By Rob Ollikainen
Peninsula Daily News
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Clallam County Hearing Examiner Christopher Melly, 60, and Forks District Court Judge Erik Rohrer, 54, pleaded their cases at the Port Angeles Regional Chamber of Commerce luncheon at the Red Lion Hotel.
Both are on the countywide ballot in the all-mail election that ends Nov. 6.
Rohrer said his 11 years of experience as an elected judge sets him apart.
“As a judge, I’ve developed a reputation for being fair, for being reasonable, for being impartial and also for treating everyone in my courtroom with dignity and respect,” Rohrer said.
The West End judge, who also works as a court commissioner, said he has a reputation for making sound decisions, and that none of his decisions has been reversed on appeal.
“I’m proud of that fact,” he said.
Melly opened by addressing the delays in felony trials.
“This is no disrespect to the sitting judges,” he said. “This is a problem that has been going on at least since I came to the county in 1983. Things just move too slowly.”
Clallam County Superior Court is the state’s primary trial court for the region. It also oversees juvenile court, family court and drug courts.
The four-year elected judge position pays $148,832 annually, half of which is paid with state funds.
Melly spent three years as a prosecutor in King County before a 22-year stint as a Clallam County prosecutor.
He was the chief deputy in the Clallam County Prosecuting Attorney’s Office for 17 years and appointed as hearing examiner in 2005.
“I’ve been involved in so many different things; if you pick a topic, I probably have done something in that over the course of my 25-year career,” he said.
Rohrer was a private and public practice attorney before he was elected to the bench. He opened and managed the North Olympic Peninsula’s first office of the state attorney general 22 years ago.
“I’m the candidate with the greater trial experience,” he said.
Rohrer said an elected judge “has a great deal more responsibility” than a court commissioner.
“An elected judge is directly accountable to the people,” he said. “An elected judge is responsible for every aspect of the court.”
Melly, a Marine who served in Vietnam, said he would consider forming a therapeutic veterans court in Clallam County, “if in fact there’s a population for it.”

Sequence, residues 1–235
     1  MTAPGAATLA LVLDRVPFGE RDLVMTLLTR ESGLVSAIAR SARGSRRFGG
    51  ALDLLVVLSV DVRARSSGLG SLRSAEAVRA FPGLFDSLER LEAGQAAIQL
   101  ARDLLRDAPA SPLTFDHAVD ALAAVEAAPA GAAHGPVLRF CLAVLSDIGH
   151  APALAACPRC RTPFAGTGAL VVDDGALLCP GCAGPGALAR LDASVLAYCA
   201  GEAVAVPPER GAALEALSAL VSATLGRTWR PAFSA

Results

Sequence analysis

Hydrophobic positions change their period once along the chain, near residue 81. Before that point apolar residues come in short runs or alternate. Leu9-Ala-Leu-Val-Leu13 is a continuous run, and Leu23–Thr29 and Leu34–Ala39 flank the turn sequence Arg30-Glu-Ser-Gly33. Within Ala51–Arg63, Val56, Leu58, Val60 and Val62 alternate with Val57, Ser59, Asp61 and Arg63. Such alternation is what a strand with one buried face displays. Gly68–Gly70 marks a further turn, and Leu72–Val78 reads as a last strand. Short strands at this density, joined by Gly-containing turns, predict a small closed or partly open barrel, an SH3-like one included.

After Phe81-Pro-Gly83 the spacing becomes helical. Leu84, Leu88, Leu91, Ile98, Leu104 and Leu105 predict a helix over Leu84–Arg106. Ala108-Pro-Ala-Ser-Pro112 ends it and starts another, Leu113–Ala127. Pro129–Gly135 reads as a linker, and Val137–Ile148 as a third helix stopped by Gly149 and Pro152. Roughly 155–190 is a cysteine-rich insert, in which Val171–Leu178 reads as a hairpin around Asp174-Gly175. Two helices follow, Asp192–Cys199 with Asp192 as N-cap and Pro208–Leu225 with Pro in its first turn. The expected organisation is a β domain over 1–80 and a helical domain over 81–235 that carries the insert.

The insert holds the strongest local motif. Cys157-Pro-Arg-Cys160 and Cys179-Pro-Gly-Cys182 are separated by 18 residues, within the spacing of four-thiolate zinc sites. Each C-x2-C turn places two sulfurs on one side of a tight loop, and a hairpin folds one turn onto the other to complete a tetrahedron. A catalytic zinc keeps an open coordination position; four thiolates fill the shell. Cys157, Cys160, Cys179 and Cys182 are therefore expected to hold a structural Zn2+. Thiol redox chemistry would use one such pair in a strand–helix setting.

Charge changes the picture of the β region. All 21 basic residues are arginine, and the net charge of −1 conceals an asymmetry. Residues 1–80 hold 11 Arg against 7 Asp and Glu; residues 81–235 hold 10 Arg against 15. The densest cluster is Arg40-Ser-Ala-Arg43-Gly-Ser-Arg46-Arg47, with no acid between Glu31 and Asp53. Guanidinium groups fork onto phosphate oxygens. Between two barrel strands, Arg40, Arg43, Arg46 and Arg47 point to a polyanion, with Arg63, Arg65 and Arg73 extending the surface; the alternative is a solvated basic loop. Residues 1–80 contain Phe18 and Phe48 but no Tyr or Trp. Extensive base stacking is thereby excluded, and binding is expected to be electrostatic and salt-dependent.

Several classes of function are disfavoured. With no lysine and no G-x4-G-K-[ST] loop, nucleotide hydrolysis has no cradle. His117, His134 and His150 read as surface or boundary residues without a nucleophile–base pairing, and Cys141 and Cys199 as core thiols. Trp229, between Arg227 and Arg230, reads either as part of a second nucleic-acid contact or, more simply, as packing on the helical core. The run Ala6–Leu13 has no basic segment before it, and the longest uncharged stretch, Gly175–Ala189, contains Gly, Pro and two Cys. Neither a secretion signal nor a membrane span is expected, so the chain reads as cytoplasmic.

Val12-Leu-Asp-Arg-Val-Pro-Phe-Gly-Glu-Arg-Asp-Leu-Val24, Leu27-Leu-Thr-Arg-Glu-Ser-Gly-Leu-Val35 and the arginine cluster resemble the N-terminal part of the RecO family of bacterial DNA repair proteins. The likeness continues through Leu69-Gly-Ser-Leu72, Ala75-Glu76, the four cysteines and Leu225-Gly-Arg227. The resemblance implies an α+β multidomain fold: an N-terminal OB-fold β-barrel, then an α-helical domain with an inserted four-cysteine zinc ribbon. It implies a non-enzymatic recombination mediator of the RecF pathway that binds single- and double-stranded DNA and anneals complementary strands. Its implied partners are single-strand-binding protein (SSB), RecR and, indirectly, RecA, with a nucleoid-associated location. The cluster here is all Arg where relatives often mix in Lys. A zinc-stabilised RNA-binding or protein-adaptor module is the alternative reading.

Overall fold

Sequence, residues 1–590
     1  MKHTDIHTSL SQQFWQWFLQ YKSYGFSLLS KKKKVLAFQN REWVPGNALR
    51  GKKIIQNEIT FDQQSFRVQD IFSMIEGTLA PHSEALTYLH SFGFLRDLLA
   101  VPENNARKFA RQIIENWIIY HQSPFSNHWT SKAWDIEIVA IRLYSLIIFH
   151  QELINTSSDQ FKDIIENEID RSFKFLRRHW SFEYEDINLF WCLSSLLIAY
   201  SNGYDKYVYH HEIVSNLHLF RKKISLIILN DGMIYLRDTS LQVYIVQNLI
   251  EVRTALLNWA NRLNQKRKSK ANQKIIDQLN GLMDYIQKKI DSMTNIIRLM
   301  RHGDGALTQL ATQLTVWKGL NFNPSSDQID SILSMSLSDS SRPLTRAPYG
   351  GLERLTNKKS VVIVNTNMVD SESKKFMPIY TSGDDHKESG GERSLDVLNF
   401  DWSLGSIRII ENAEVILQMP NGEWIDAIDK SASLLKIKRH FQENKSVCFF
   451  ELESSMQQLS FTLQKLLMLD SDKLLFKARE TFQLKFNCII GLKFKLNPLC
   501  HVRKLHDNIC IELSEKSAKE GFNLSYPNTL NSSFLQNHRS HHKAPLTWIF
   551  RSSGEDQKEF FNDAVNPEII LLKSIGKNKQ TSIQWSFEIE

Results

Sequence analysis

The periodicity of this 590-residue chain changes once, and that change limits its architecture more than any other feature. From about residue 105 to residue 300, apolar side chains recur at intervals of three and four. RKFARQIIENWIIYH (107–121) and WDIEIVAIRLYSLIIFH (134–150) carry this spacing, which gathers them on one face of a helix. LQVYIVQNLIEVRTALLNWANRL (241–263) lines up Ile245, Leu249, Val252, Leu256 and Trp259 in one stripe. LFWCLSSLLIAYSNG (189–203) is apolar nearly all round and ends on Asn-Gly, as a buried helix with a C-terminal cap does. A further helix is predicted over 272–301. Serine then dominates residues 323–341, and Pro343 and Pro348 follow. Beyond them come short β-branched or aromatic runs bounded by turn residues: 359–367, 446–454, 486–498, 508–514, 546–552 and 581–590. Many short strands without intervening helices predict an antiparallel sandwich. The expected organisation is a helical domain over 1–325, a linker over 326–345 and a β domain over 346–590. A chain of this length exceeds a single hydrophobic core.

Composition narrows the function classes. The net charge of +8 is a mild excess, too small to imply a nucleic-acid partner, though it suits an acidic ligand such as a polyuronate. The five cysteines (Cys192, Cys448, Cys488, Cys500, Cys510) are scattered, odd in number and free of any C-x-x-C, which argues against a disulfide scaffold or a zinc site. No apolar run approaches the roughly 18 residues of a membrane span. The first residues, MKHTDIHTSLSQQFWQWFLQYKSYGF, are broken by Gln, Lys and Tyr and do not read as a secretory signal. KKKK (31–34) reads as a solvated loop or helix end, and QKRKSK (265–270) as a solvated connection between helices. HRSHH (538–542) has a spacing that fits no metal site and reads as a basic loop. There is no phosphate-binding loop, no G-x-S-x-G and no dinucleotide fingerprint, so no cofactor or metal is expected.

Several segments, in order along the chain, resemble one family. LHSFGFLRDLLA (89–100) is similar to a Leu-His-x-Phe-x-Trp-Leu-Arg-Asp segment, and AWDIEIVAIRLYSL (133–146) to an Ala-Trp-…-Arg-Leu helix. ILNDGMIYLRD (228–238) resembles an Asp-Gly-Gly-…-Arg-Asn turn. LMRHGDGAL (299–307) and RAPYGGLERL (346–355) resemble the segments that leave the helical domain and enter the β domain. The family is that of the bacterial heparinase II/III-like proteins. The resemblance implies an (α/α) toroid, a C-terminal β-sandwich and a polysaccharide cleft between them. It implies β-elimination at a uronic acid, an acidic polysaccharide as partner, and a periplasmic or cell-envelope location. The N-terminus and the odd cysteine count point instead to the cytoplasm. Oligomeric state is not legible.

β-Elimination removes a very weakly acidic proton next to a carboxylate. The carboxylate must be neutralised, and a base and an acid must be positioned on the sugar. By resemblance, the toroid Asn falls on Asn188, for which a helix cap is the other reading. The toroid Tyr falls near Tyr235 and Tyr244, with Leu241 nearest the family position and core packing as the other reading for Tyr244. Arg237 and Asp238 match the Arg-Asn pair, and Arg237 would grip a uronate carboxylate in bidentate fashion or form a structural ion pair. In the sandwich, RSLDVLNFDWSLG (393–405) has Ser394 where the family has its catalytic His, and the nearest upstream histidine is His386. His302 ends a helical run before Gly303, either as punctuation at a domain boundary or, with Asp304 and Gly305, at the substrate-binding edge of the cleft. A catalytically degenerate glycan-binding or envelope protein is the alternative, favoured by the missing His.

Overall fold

“And I don’t know if there is,” he said
“It may be that there’s not that big of a population of veteran felons, but if there is I would like to explore the possibility of creating a special court.”
To that point, Rohrer said it “might be wonderful” to have a veterans court but didn’t think there is a need.
“I’ve looked into it,” he said. “If we’ve done our homework, we’d realize there are only really veterans courts in five counties — none of them are rural counties.”
Rohrer said veterans courts exist in counties that have federal Veterans Affairs personnel who coordinate outreach programs to veterans courts.
“In talking with them, they’ve convinced me that the program really wouldn’t work very well in Clallam County,” Rohrer said.
When asked to elaborate on his ideas to speed up the criminal justice system, Melly said he would take a close look at every motion for a continuance.
“Ultimately, as the judge, you have the responsibility for control of your docket,” Melly said. “You determine what cases are going to move through and how quickly they are going to move through.”
Melly cited a case a few years ago that had 14 motions for a continuance granted. He said trial delays have been “endemic to the county for 30 years.”
“There are legitimate reasons for why delays occur,” Melly added, citing crime lab delays and witness unavailability.
“There are probably a lot of illegitimate reasons why the continuances and delays occur.”
Melly proposed a bar-bench conference for attorneys and judges to sit down to “see if we can move things along.”
Rohrer, too, said he would like to see the courts move faster.
“I think we all would,” he said.
Rohrer said he would hold attorneys to certain expectations and deny frivolous motions for continuances. He said he would like to bring more technology into the court and improve access to court records.
“I’ve talked to judges across the state about this, and no judge has a perfect answer for solving the problem of court congestion and increasing efficiencies,” Rohrer said.
Reporter Rob Ollikainen can be reached at 360-452-2345, ext. 5072, or at firstname.lastname@example.org.